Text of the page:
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Mate choice for neutral and MHC genetic characteristics in Alpine marmots: different targets in different contexts?

Ferrandiz-Rovira M., Allainé D., Callait-Cardinal M.-P., Cohas A. (2016) Mate choice for neutral and MHC genetic characteristics in Alpine marmots: different targets in different contexts?. Ecology and Evolution. 6: 4243-4257.
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Doi: 10.1002/ece3.2189

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Sexual selection through female mate choice for genetic characteristics has been suggested to be an important evolutionary force maintaining genetic variation in animal populations. However, the genetic targets of female mate choice are not clearly identified and whether female mate choice is based on neutral genetic characteristics or on particular functional loci remains an open question. Here, we investigated the genetic targets of female mate choice in Alpine marmots (Marmota marmota), a socially monogamous mammal where extra-pair paternity (EPP) occurs. We used 16 microsatellites to describe neutral genetic characteristics and two MHC loci belonging to MHC class I and II as functional genetic characteristics. Our results reveal that (1) neutral and MHC genetic characteristics convey different information in this species, (2) social pairs show a higher MHC class II dissimilarity than expected under random mate choice, and (3) the occurrence of EPP increases when social pairs present a high neutral genetic similarity or dissimilarity but also when they present low MHC class II dissimilarity. Thus, female mate choice is based on both neutral and MHC genetic characteristics, and the genetic characteristics targeted seem to be context dependent (i.e., the genes involved in social mate choice and genetic mate choice differ). We emphasize the need for empirical studies of mate choice in the wild using both neutral and MHC genetic characteristics because whether neutral and functional genetic characteristics convey similar information is not universal. © 2016 The Authors. Ecology and Evolution published by John Wiley & Sons Ltd.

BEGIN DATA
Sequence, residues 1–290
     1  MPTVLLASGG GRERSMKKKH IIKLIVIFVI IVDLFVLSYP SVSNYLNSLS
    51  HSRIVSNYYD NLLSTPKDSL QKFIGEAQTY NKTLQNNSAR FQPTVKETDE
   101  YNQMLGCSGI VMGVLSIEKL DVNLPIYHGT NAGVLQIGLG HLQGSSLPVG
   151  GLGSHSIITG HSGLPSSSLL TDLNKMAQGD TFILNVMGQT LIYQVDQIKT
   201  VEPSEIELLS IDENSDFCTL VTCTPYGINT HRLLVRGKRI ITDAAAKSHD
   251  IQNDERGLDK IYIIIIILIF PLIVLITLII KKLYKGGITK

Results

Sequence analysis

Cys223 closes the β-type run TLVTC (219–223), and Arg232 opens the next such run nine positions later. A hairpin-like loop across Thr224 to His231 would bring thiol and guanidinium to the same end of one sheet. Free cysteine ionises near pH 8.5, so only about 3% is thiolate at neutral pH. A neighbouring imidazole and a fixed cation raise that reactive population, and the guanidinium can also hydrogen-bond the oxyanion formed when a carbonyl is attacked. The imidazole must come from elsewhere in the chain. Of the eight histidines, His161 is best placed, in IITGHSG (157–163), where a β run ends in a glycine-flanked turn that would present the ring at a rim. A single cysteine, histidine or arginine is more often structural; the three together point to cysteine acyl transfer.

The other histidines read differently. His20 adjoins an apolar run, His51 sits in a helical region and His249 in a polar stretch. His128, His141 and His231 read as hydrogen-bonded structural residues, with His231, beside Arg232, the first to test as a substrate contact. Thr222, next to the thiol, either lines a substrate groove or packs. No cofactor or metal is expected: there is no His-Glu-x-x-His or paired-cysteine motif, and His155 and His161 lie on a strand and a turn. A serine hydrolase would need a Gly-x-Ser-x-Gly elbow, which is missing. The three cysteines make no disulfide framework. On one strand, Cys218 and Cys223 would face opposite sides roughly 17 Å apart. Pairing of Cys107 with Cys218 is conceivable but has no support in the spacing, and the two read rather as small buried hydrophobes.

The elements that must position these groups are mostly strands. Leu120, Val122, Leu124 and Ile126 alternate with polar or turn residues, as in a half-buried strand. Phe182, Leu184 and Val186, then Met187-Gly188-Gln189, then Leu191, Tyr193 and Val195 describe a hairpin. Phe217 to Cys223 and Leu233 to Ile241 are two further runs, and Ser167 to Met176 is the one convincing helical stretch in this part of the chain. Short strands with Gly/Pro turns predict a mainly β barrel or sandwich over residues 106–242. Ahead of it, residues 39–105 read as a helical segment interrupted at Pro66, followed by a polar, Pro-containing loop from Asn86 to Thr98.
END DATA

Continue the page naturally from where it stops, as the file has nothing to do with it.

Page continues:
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Male-biased litter sex ratio in the southernmost Iberian population of edible dormouse: A strategy against isolation?

Ferrandiz-Rovira, M., Freixas, L., Torre, I., Míguez, S., Arrizabalaga, A. (2016) Male-biased litter sex ratio in the southernmost Iberian population of edible dormouse: A strategy against isolation?. Animal Biology. 66: 415-425.
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Doi: 10.1163/15707563-00002512

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Do pre- and post-copulatory sexually selected traits covary in large herbivores?

Ferrandiz-Rovira M., Lemaitre J.-F., Lardy S., Lopez B.C., Cohas A. (2014) Do pre- and post-copulatory sexually selected traits covary in large herbivores?. BMC Evolutionary Biology. 14: 0-0.
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Doi: 10.1186/1471-2148-14-79